Here is a question from my undergraduate days which I never knew the answer to. I just want to know if anyone can offer me a hint.

Consider the rationals in $[0,1]$. Does there exist a (bijective) enumeration of these rationals $q_1,q_2,\ldots$ such that the sum $\sum\limits^\infty_{i=1} (q_i-q_{i-1})^2$ is finite?

  • $\begingroup$ Presumably, you mean a $1-1$ enumeration? $\endgroup$ Oct 21, 2012 at 17:09
  • $\begingroup$ Yes, of course. $\endgroup$
    – Lost1
    Oct 21, 2012 at 17:14

3 Answers 3



  • There exists a (bijective) enumeration $(q_i)_{i\geqslant0}$ of the rationals in $[0,1]$ such that, for every $a\gt1$, the series $\sum\limits_i|q_i-q_{i-1}|^a$ converges.

  • This result is optimal in the sense that no (bijective) enumeration $(q_i)_{i\geqslant0}$ of the rationals in $[0,1]$ is such that the series $\sum\limits_i|q_i-q_{i-1}|$ converges.

Let us show the first point. For every $n\geqslant0$ and $0\leqslant k\lt 2^n$, define the interval $I_{2^n+k}$ as $$I_{2^n+k}=\left\{\begin{array}{ll}(k\cdot2^{-n},(k+1)\cdot2^{-n}]&\text{if $n$ is even},\\ (1-(k+1)\cdot2^{-n},1-k\cdot2^{-n}]&\text{if $n$ is odd}.\end{array}\right. $$ Thus, for every $n\geqslant0$, $(I_{2^n+k})_{0\leqslant k\lt 2^n}$ is a partition of $(0,1]$ into $2^n$ intervals of length $2^{-n}$. For every $i\geqslant 2^n$, if $x$ is in $I_i$ and $y$ in $I_{i+1}$, then $|x-y|\leqslant c\cdot2^{-n}$, probably for $c=2$ and certainly for $c=42$.

Define recursively $(q_i)_{i\geqslant0}$ as follows: let $q_0=0$ and, for every $n\geqslant0$ and $0\leqslant k\lt 2^n$, let $q_{2^n+k}$ denote the rational in $I_{2^n+k}$ not already in $\{q_i\mid i\lt 2^n+k\}$ whose reduced fraction has minimal denominator and, if several such rationals exist, minimal numerator.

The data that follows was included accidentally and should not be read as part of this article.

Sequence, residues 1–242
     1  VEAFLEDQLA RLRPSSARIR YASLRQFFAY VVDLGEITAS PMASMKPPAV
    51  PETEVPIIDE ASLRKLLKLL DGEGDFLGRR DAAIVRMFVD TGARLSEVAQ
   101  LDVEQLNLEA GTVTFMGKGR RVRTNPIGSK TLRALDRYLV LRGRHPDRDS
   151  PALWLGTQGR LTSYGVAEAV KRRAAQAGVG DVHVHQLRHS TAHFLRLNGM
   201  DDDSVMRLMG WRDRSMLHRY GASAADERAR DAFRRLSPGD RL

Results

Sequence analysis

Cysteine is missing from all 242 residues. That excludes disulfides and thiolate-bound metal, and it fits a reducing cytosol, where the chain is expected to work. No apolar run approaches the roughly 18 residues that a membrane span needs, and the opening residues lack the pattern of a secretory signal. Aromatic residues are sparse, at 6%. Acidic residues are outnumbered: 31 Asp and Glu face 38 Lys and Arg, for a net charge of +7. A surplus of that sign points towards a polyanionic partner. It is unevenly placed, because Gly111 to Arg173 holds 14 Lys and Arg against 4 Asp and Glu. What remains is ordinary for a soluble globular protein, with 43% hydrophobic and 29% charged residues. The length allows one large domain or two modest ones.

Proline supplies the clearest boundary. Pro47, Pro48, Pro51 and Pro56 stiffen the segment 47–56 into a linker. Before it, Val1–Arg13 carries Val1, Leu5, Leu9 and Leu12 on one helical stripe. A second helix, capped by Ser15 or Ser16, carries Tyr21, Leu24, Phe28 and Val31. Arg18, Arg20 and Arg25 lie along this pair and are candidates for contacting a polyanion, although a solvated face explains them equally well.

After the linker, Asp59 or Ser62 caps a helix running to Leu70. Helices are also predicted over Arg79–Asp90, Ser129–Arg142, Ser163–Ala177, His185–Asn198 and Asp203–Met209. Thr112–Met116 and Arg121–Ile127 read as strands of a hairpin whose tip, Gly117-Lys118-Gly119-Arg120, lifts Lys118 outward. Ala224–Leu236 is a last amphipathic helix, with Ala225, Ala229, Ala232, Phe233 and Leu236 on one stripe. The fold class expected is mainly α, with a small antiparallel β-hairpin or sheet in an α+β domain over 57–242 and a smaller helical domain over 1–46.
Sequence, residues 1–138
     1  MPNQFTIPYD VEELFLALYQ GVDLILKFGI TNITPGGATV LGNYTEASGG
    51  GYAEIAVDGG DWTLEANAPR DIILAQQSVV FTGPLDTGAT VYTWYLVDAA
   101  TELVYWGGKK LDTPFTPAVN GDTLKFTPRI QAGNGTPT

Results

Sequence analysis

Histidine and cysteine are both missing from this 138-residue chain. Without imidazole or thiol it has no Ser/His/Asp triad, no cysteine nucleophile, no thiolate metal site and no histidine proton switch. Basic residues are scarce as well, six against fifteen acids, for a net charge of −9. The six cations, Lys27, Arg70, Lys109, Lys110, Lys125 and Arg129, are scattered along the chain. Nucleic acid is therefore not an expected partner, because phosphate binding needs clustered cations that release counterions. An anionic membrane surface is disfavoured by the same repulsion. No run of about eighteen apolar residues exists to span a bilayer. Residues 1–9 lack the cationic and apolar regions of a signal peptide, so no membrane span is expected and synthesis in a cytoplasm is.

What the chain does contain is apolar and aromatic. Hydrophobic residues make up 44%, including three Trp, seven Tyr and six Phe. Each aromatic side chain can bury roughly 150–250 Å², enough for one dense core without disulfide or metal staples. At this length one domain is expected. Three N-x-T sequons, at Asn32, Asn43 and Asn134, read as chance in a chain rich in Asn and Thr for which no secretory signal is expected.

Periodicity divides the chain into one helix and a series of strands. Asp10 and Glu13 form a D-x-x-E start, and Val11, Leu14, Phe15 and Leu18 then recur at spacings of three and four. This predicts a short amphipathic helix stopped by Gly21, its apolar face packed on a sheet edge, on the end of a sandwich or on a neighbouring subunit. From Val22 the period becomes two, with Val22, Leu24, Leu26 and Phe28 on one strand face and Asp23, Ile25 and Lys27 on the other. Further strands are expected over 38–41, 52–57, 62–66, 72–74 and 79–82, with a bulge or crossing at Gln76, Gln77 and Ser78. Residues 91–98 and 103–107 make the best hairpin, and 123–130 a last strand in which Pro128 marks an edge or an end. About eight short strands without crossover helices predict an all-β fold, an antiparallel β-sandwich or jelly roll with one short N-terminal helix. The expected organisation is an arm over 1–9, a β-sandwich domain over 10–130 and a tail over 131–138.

Then $(q_i)_{i\geqslant0}$ enumerates the rationals in $[0,1]$. Furthermore, for every $n\geqslant0$, if $2^n\leqslant i\lt 2^{n+1}$, then $$|q_i-q_{i-1}|\leqslant c\cdot2^{-n}.$$ Hence the slice of the sum $\sum\limits_i|q_i-q_{i-1}|^a$ for $2^n\leqslant i\lt 2^{n+1}$ is at most $$2^n\cdot(c\cdot2^{-n})^a=c^a\cdot2^{-(a-1)n}.$$ Since $a\gt1$, summing these shows that the complete series converges. QED.

The fact that the series $\sum\limits_i|q_i-q_{i-1}|$ diverges for every enumeration is easy. Define recursively the sequence $(N(n))_{n\geqslant0}$ as follows: let $N(0)=0$ and, for every $n\geqslant0$, let $N(n+1)$ denote the smallest integer $i\geqslant N(n)$ such that $$ |q_i-q_{N(n)}|\geqslant\tfrac12. $$ Then $N(n)$ is finite for every $n$ (why?) and the triangular inequality yields $$\sum\limits_i|q_i-q_{i-1}|\geqslant\sum\limits_n|q_{N(n)}-q_{N(n-1)}|\geqslant\sum\limits_n\tfrac12, $$ which is infinite.

  • $\begingroup$ n=0, k=1, I think we get the interval (1,2]? $\endgroup$
    – Lost1
    Oct 21, 2012 at 17:21
  • 2